Advanced Micro Devices is getting ready to turn the key on Thunderbird, a chip that will offer consumers increased computing performance without needing to pay a large price premium. The chip maker has begun sending samples of Thunderbird, which is the code name for its next-generation Athlon desktop processor, to PC makers. The chip features an improved processor core and is expected to debut in the second half of this year.
A company spokesman confirmed the general timetable but would not comment on specific timing, clock speeds, performance or pricing for the new line.
However, sources suggest the wraps may come off of Thunderbird as early as late May, saying it may debut in between three and five clock speeds that range as high as 1GHz. Also, the processor may make it past the vaunted 1GHz mark as the year goes on. AMD has already demonstrated the chip running at 1.1GHz.
Thunderbird samples are coming from AMD's recently completed Fab 30 manufacturing plant in Dresden, Germany.
"From everything we've seen all systems are go," said Mike Feibus, principal analyst at Mercury Research, which tracks the semiconductor market.
Tossing down the gauntlet
Thunderbird is also expected to match speeds with the forthcoming Willamette from rival Intel. Willamette has been demonstrated running at speeds up to 1.5GHz.
"It doesn't look like meeting that will be a problem," Feibus said.
Aside from clock speed, Thunderbird's most important feature will be a new integrated level 2 cache. Sources speculate the chip will receive 256KB of cache. The current Athlon utilises 512KB of off-chip level 2 cache. Moving the cache on-chip will improve performance of the chip by allowing the cache to run at full processor speed. This will offer a big performance boost for the higher clock speed chips, as the cache speed is divided by 2.5 at speeds between 700MHz and 900MHz and by three at 950MHz and 1000MHz, according to an AMD spokesman.
Moving level 2 cache on chip, in general, yields a performance boost of at least 10 percent, as it allows data to be moved into and out of the chip more quickly.
Thunderbird will also utilise copper metal interconnects, which are thin metal strands used to connect transistors inside the chip. Copper is used in Thunderbird because of its more favorable properties, versus the aluminum metal used by most PC processors, the current generation Athlon and Intel's Pentium III. Copper will show benefits once Thunderbird reaches higher clock speeds later this year, AMD officials have said. Intel, however, has no plans to move its chips to copper until next year.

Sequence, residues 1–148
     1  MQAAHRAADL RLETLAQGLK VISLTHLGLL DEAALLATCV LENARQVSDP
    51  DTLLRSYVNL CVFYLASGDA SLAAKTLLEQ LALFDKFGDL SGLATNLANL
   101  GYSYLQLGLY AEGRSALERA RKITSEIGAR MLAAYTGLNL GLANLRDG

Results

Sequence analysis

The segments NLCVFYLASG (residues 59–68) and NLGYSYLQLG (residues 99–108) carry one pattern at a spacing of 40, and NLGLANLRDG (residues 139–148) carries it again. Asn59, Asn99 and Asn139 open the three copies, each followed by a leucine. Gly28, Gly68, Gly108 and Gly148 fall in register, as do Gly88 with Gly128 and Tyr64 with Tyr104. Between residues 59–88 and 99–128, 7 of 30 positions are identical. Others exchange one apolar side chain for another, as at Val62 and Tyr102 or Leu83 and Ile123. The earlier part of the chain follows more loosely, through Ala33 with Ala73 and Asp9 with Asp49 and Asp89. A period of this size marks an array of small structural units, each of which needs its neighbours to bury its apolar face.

The one potential issue for the new Thunderbird chip may be in getting the PC infrastructure players lined up behind the chip at launch. Thunderbird, and a forthcoming value chip from AMD -- code-named Spitfire -- will both use a new packaging called Socket A, although Thunderbird will also be available in AMD's current Slot A packaging. There may be some initial shortages of socketed motherboards, according to industry experts, including Feibus.
Rallying the infrastructure players, who include motherboard and chipset makers, can be difficult. However, getting them behind Thunderbird and Spitfire is "a much smaller challenge than the original (Athlon) infrastructure was to set up last fall," Feibus said. "At this point, it's a coordination of people that are bought in."
AMD is expected to demonstrate the Thunderbird chip, along with its Spitfire processor, aimed at low-cost desktop PCs, at the upcoming Microsoft Windows Hardware Engineering Conference, otherwise known as WinHec, in late April.
As reported by ZDNet, Spitfire, for value PCs, is expected to debut at up to four clock speeds. It will ship at around the same time as Thunderbird.
Intel is suffering from what we might call Microsoft Syndrome, the symptoms are rampant and unnecessary paranoia, read the news comment at AnchorDesk UK with Peter Jackson.
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